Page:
Whenever a resource is assigned to a task, the resource’s availability is automatically updated in LiquidPlanner across the entire portfolio of projects. Unlike other scheduling tools that require you to publish the changes back to a server, LiquidPlanner ensures the resource availability is always up to date based on the assigned work in the portfolio.
The first assumption in developing your project schedule is that you have each user set up in the tool. You can add team members to your resource pool by selecting the People menu item and clicking the + Member button (Figure 5). At the start of your project planning, the reality is you may not have your entire team staffed. You know you need a software developer but you haven’t actually hired the person yet. In this case, you add a Virtual Member to act as a placeholder for planning purposes. When you have actually onboarded the new team member, you can easily reassign the work. LiquidPlanner will still let you do all the necessary estimation and forecasting to build you schedule using virtual members.
Once your resource pool is defined, you can assign work based on the resources in the Member List. To add a resource to a task:
A. Select a task and open the edit panel.
B. Click the Owner field of the edit panel (top left corner).
C. Select a resource from the member picker dropdown.
D. LiquidPlanner will start to reschedule the work. Click the Schedule Ready refresh button to see your new schedule.
The project schedule is beginning to take shape as the tasks already readjust based on the resource availability. Next, we need to add some hour estimates to the tasks.
Step 4: Estimate activity durations
Go ahead and pull down the copy of your Project Management textbook and flip to the chapter on estimation. Chances are you’ll see terms like “analogous estimation”, “top down” and “bottom up” estimation. There are several approaches to estimate a project’s work effort. If you compare your project to a previous one, then you’re doing an analogous estimation. If you are making broad estimates without knowing a lot of detail, then you’re doing a “top down” estimation. One of my favorite methods is to do a bottom-up estimate where you define all the tasks and make estimates at a detailed level.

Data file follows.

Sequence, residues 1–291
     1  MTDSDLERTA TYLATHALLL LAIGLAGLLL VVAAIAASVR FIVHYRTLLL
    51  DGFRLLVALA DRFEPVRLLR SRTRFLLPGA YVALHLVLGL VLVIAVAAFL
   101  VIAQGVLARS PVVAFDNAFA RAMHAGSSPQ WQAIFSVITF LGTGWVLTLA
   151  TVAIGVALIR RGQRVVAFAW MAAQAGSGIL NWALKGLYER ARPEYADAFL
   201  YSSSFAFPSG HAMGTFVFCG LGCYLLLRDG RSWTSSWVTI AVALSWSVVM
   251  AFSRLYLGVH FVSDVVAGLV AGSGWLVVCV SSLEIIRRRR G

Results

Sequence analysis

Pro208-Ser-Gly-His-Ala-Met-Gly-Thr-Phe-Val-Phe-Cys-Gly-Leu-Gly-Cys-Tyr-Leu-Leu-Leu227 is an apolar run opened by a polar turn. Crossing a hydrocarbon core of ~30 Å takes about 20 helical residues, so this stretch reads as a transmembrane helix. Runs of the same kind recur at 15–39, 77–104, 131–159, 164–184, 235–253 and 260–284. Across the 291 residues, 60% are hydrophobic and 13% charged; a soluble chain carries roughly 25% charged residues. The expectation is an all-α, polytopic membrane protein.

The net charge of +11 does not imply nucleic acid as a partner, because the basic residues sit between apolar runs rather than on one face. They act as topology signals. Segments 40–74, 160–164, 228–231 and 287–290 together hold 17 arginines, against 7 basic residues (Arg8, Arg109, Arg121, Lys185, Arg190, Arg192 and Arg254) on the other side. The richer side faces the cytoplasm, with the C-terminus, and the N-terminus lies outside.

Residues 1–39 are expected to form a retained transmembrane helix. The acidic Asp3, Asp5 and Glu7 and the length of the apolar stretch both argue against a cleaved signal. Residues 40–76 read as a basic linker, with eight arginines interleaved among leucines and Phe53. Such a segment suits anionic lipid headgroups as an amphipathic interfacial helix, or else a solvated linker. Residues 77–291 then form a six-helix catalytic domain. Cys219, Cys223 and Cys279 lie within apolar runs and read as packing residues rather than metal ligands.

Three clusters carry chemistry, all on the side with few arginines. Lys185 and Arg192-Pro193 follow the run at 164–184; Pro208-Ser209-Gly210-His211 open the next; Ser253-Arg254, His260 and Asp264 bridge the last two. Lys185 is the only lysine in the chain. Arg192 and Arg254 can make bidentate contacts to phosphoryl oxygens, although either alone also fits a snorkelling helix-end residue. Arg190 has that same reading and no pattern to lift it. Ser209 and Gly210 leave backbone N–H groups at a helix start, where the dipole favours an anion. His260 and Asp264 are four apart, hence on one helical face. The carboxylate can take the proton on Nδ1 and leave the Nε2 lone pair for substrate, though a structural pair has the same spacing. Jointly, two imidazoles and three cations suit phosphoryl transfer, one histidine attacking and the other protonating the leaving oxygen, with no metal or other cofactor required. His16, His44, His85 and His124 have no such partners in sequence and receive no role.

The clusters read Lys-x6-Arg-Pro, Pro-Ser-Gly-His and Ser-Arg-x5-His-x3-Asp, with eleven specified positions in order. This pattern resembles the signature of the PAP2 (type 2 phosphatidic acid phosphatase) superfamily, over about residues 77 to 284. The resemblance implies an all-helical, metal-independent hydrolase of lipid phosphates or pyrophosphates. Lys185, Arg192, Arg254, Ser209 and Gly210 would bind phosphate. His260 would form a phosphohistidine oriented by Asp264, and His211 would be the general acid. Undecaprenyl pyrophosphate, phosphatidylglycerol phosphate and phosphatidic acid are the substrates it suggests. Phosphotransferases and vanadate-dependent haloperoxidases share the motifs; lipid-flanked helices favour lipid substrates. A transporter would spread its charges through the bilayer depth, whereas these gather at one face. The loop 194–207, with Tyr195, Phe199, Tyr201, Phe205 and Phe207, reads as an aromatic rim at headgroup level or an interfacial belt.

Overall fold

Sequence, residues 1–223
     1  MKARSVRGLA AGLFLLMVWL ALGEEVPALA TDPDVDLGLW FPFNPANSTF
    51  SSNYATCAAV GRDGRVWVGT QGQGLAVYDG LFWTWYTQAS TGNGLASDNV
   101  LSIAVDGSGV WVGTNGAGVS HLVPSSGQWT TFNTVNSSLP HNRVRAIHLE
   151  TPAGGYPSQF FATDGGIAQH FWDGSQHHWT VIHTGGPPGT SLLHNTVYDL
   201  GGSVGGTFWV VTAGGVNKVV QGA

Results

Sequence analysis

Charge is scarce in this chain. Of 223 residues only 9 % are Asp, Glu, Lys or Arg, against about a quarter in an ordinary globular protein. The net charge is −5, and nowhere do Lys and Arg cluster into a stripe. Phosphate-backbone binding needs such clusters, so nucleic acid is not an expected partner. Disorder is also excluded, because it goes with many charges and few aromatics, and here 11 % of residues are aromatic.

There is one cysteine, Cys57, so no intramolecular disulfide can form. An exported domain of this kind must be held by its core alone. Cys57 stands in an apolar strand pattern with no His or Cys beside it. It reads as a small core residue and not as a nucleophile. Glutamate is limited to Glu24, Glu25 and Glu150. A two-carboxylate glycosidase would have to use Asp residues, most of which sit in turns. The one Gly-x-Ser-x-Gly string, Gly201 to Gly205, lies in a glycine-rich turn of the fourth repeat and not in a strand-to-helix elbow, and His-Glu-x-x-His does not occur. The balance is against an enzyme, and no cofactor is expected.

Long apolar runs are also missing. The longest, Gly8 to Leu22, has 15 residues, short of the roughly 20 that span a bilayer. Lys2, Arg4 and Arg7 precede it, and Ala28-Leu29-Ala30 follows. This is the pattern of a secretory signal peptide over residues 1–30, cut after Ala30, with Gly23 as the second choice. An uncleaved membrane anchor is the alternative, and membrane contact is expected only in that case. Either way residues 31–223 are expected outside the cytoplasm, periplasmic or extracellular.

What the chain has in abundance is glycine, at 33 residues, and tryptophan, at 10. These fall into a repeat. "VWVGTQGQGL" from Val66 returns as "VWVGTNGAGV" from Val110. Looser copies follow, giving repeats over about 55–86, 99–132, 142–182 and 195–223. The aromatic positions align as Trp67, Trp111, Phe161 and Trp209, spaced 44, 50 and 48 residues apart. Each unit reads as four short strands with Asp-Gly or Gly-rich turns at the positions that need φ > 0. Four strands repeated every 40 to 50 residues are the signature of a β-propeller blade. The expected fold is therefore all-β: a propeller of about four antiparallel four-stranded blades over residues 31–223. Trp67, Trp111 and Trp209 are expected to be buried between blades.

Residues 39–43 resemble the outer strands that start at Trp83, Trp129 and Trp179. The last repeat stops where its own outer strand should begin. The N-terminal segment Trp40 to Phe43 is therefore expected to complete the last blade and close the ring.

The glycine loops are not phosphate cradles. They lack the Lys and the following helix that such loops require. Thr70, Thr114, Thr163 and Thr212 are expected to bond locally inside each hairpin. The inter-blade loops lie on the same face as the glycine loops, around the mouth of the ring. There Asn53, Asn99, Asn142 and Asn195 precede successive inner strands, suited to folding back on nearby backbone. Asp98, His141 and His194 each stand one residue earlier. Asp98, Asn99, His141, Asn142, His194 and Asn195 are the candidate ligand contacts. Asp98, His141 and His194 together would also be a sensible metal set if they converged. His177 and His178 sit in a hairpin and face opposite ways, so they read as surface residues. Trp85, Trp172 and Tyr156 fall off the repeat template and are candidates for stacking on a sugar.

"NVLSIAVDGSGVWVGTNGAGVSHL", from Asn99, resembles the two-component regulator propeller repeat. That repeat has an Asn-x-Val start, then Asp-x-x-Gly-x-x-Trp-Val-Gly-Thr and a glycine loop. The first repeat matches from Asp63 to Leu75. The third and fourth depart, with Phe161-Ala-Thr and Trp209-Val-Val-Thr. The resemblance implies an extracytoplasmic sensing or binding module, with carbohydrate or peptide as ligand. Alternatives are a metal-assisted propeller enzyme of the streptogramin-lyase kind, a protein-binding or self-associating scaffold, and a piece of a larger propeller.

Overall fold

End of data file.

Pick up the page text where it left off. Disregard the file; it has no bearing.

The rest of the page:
Managers may dictate deadlines, however I’ve found it best to seek estimates from the experts actually assigned to do the work. Managers may be skeptical of resource defined estimates as the estimates may be inaccurate or over exaggerated. Fortunately LiquidPlanner uses ranged estimation to improve the overall estimation process.
Instead of a single point estimate, resources can provide a best case/worst case estimate for every task. Even when resources are estimating remaining work, they can apply the two-point estimate approach. The best/worst case estimate helps when your developer reports he only has 3 to 4 hours of work left. In a traditional planning tool, you’re stuck wondering if it will be 3 or 4 hours.
(I’ve actually had to coerce developers to assume they would win a million dollars if they simply committed to an estimate.)
LiquidPlanner will intelligently calculate the end dates based on probability of completion. I like this approach as team members don’t feel pressured to be 100% correct on their estimates and still have some wiggle room.
To estimate a task’s duration:
A. Select a task and open the edit panel.
B. Click on the Remaining field (it will likely say “Unestimated”.)
C. From the Remaining Effort menu, enter a best case and worst case estimate and click Save.D. Continue estimating duration on the remaining Unestimated Tasks
D. Click the Refresh Schedule button to see your updated schedule.
The estimation process can also be delegated to each team member. As the project manager, you don’t need to estimate every activity. You can actually develop better accountability from your team if you ask them to estimate their expected durations and then review as a team.
After entering all the estimates and refreshing the schedule, you have now successfully developed a dynamic project schedule that will adjust based on each individual team member’s contributions.
See? No Command and Control here. This may be a Waterfall project but we’re still getting team members to be agile.
There you have it. Four steps to a great schedule.
Do you have any cool tips you’ve discovered using LiquidPlanner and a favorite planning methodology? Drop us a comment – we want to hear from you!